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Outdoor rec provides economic boost

February 14, 2018
By JUSTIN A. LEVINE - Outdoors Writer ( , Lake Placid News

A preliminary report from the federal government shows that outdoor recreation - in all its forms - has a significant impact on the national economy, and is growing much faster than the economy as a whole.

According to the initial data, outdoor recreation is a more than $373 billion dollar industry, accounting for a full two percent of the nation's gross domestic product (GDP). The industry also grew at a faster rate last year.

"The outdoor recreation economy grew 3.8 percent in 2016, compared to growth of 2.8 percent in the overall economy," a press release from the BEA said.

Article Photos

Skis, boots and accessories line the walls of High Peaks Cyclery in Lake Placid. A recent federal report found that outdoor recreation contributes hundreds of billions to the economy and is growing faster than the overall gross domestic product.
News photo — Justin A. Levine

The report was developed so businesses have a better idea of what industries are growing, and therefore, are good investments.

"Businesses need the right data to help them hire, invest and grow," U.S. Commerce Secretary Wilbur Ross said in the release. "The historical lack of detailed federal data regarding outdoor recreational activities has handicapped both the private and public sectors.

"The public will no doubt be surprised at the economic importance of this industry as we release prototype statistics measuring the impact of activities like boating, fishing, RVing, hunting, camping, hiking, and more. This release is a milestone for business executives, small-business owners, entrepreneurs, and government officials, who will rely on these detailed data to plan, grow, and gain new insights into this dynamic part of the U.S. Economy."

The report, which is part of what is called a satellite (OSRA) account, is the latest in a series that is intended to provide more detailed economic analysis. Other sectors getting a closer look include tourism, travel and arts.

"For example, the supply-use tables show the production of all apparel, whereas the OSRA shows the production of apparel used specifically for outdoor recreation activities, such as wet suits and hiking boots," the BEA explained.

Outdoor activity is split into two categories: core and supporting.

"Core activities include the pro and purchase of goods and services used directly for outdoor recreation ... (such as the) purchase of gear, equipment, fuel, concessions, maintenance, repair and fees," the BEA says. "Supporting activities are defined as goods and services that support access to outdoor recreation activities ... (including) trip expenses, construction and government expenditures."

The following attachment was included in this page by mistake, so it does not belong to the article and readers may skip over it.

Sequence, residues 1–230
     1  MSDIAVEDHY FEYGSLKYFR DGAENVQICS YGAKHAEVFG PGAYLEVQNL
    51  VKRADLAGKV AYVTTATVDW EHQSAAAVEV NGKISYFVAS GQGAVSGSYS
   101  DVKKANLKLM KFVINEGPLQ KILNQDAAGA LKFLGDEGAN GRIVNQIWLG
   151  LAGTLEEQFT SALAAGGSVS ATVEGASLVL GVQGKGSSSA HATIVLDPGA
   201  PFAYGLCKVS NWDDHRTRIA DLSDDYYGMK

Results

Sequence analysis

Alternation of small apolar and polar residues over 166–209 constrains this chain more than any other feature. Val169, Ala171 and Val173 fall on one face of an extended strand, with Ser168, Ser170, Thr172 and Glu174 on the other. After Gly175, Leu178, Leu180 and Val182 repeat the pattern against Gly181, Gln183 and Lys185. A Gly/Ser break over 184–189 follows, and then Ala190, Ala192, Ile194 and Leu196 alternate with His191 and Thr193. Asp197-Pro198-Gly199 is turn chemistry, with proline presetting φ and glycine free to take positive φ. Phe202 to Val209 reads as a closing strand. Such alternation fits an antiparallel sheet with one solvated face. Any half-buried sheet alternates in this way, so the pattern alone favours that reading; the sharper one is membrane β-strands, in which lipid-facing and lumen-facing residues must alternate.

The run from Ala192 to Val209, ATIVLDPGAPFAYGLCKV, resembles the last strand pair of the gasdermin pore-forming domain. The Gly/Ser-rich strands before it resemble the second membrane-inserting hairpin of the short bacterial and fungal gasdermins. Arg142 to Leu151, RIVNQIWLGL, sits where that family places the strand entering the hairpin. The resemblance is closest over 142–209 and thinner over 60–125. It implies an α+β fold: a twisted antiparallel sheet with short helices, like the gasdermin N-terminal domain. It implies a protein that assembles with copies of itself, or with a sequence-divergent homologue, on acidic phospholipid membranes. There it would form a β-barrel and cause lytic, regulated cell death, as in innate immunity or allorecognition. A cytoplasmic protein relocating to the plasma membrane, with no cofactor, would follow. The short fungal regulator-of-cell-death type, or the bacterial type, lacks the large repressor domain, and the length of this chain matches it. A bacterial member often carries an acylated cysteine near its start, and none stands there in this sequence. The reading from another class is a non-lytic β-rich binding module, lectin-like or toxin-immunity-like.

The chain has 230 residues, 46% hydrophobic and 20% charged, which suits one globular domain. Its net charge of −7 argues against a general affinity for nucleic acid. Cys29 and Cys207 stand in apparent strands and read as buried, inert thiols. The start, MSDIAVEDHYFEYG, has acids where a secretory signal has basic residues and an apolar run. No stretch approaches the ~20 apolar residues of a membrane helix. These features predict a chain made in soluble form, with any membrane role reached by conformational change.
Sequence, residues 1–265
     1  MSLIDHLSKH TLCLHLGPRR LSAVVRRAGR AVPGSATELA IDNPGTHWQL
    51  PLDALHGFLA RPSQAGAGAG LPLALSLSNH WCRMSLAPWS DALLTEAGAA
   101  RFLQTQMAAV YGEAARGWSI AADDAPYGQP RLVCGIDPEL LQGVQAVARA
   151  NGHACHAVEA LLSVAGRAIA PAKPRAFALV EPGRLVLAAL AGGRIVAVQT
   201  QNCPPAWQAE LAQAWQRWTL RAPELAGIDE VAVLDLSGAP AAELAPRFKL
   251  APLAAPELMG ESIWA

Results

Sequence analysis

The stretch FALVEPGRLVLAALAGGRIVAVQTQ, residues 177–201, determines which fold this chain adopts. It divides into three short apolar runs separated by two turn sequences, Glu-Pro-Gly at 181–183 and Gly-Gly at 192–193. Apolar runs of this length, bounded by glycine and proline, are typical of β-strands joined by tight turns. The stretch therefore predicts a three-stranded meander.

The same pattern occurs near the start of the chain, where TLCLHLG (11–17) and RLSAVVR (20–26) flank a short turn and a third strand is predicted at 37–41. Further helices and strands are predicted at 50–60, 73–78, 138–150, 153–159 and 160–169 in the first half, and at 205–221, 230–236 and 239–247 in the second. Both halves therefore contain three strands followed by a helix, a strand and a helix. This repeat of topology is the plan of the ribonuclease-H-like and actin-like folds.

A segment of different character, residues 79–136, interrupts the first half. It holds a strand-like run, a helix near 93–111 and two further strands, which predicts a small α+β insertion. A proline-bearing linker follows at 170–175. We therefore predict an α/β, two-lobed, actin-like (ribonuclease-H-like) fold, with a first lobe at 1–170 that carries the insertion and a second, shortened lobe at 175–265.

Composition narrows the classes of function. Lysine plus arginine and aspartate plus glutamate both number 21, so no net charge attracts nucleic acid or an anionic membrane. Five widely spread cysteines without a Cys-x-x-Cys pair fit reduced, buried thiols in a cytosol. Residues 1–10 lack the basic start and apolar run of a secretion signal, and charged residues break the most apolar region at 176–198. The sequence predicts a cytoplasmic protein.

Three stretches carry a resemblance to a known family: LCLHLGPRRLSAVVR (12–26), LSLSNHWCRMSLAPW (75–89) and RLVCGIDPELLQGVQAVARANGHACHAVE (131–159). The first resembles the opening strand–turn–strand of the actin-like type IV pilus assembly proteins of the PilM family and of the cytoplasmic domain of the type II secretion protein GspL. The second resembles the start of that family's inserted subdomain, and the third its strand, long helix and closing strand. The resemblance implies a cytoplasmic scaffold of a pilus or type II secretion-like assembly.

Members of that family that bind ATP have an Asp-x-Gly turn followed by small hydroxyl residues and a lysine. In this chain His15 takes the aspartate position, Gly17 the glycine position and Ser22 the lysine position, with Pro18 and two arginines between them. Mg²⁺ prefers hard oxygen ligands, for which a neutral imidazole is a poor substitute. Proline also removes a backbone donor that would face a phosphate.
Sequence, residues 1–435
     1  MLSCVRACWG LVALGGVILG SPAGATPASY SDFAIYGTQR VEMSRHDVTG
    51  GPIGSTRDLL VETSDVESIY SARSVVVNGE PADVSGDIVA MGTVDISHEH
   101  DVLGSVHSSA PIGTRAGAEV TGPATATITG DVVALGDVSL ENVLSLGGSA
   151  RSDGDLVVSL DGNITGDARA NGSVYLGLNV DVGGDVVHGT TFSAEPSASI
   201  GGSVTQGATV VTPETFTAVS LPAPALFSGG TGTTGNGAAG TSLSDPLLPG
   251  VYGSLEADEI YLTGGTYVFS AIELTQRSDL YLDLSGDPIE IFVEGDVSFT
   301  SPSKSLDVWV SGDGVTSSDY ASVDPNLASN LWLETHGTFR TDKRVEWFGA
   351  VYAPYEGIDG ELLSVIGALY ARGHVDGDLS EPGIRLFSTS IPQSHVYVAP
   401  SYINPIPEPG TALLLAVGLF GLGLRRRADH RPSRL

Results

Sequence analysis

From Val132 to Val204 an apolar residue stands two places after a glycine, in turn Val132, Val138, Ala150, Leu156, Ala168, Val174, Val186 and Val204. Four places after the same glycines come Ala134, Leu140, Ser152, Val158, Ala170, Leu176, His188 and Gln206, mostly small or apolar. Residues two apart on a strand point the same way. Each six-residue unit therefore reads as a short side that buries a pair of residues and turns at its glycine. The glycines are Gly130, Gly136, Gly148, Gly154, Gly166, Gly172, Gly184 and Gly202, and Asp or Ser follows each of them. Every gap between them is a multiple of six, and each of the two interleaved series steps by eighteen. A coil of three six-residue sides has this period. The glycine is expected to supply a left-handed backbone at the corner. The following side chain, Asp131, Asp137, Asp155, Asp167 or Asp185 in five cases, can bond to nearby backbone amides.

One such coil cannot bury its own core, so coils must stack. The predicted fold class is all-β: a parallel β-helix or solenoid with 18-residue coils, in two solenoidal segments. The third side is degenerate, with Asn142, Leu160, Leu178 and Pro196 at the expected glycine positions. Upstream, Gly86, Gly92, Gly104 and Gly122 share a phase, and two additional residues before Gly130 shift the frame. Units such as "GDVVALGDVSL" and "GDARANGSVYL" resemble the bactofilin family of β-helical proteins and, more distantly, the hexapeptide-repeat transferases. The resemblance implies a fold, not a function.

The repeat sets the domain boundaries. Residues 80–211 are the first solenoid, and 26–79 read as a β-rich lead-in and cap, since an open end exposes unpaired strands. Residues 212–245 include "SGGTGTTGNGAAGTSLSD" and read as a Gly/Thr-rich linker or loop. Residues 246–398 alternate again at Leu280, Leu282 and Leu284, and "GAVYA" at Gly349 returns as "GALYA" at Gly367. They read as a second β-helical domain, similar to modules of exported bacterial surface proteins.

The BEA also had to combine or split some activities having significant overlap.

"For example, camping and hiking were combined into a single category to avoid double counting the many items that can be used for both activities."

The report found that motorized vehicles had the biggest impact, the sale of which contributed nearly $60 billion to the economy. Boating and fishing had the second biggest impact, being responsible for just shy of $40 billion, while hunting, shooting and trapping combined for around $15 billion. Horse-related expenditures accounted for more than $10 billion, as did "other conventional outdoor recreation activities" such as hiking and camping.

Within that "other" category, "multi-use apparel and accessories, which include backpacks, bug spray and other general-purpose gear ... grew 7.2 percent in 2016."

Last year was not the first that saw outdoor recreation outpace the economy. The industry saw growth of 4.5 percent in 2013, and nearly 6 percent in 2015, beating the economy as a whole that year by nearly 2 percent.

The Outdoor Industry Association (OIA), which does its own analysis of outdoor recreation's economic impact, found the majority of New Yorkers engage in the outdoors, finding that 52 percent of New York residents play outside.

OIA issued a state-wide report that found outdoor recreation is directly responsible for 313,000 jobs in the state, and that it generates nearly $42 billion in consumer spending each year.

OIA also found that wildlife watching and snow sports combined created more economic activity than state's film industry, which generated $6.5 billion annually, compared to $6.7 billion for snow sports and wildlife viewing.

The Bureau of Economic Analysis, which is part of the U.S. Department of Commerce, put out its preliminary findings in response to a 2016 law that was signed by former President Barrack Obama.

"The Secretary of Commerce shall enter into a joint memorandum with the Secretary of Agriculture and the Secretary of the Interior to conduct, acting through the Director of the Bureau of Economic Analysis, an assessment and analysis of the outdoor recreation economy of the United States and the effects attributable to such economy on the overall economy of the United States," the Outdoor Recreation Jobs and Economic Impact Act of 2016 reads.

To read the report and how to comment on the findings, go to



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